When restoring water pressure to the tank during cold weather, place a portable heater next to the tank for at least 30 minutes to restore flexibility to the plastic bladder. Plastic becomes brittle when cold and sudden application of water pressure may cause the bladder to split or crack and lose its ability to retain air.
Do not use antifreeze in any potable water system. Antifreeze is a toxic substance that should only be used in automotive cooling systems.
Properly closing up a summer home or cabin for the season is a job that can save thousands of dollars in repair bills. One of the most important tasks in colder climates is winterizing your well's pressure tank. Water in a tank left in a dwelling without heat over the winter can damage the pressure bladder or, in extreme situations, even cause the tank to rupture. Preventing this damage is a simple process that requires no tools and takes only a few moments to complete.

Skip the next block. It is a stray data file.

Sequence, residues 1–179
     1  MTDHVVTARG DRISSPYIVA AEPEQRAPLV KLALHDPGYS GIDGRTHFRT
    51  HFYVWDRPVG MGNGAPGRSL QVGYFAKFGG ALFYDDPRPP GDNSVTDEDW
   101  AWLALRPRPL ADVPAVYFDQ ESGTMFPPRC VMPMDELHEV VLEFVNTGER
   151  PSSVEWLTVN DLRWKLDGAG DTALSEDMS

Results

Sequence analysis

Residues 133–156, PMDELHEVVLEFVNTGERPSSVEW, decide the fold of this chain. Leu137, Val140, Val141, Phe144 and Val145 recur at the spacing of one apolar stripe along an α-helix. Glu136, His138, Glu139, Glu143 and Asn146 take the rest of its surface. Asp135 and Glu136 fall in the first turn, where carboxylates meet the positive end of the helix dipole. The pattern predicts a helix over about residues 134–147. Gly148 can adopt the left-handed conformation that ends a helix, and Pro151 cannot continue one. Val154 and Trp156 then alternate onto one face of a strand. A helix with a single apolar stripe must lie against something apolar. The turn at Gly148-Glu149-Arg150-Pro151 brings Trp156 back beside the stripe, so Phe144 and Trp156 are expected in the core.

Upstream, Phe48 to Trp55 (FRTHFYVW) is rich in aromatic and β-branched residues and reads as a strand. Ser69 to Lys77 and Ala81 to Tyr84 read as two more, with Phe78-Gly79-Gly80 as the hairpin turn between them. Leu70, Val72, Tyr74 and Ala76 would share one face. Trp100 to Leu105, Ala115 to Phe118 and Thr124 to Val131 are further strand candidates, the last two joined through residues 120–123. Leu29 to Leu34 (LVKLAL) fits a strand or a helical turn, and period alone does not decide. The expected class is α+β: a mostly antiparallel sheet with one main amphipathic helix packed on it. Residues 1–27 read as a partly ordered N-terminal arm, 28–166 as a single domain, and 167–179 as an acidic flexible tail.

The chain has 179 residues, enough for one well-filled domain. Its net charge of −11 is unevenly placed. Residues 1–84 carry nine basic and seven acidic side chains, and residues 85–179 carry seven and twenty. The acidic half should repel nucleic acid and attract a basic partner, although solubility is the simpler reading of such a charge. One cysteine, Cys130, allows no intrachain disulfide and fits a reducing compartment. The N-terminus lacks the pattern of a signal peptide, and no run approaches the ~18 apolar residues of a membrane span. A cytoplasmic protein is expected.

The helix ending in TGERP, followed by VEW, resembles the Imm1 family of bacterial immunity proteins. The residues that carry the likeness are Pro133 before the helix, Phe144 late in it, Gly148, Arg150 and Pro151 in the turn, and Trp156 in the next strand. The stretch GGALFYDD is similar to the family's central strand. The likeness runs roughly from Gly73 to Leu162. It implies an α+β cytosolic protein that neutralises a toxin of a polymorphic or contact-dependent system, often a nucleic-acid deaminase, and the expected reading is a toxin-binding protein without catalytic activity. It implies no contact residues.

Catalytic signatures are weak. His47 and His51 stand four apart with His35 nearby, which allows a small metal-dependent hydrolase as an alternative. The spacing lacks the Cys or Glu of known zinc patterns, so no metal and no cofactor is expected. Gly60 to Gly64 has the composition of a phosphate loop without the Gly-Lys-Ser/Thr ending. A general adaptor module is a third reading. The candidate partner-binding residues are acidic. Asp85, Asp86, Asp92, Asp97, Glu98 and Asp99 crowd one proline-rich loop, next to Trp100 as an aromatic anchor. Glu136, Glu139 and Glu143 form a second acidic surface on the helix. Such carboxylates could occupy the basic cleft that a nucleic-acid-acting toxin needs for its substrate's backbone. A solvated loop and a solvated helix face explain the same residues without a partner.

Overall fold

Turn off the electrical power to the well pump. Locate the breakers for the pump in the dwelling's main service panel and switch them to the off position.
Attach a garden hose to the drain valve located at the bottom of the pressure tank.
Place the end of the hose outside the dwelling.
Open the pressure tank's drain valve and allow the water to run until the tank is empty.
Remove the hose from the drain valve. Leave the drain valve open. This allows any remaining moisture or condensation an escape route from the tank. Place a small bowl or container under the drain if it is located over a surface that may be damaged by dripping water.
Finn McCuhil is a freelance writer based in Northern Michigan. He worked as a reporter and columnist in South Florida before becoming fascinated with computers. After studying programming at University of South Florida, he spent more than 20 years heading up IT departments at three tier-one automotive suppliers. He now builds wooden boats in the north woods.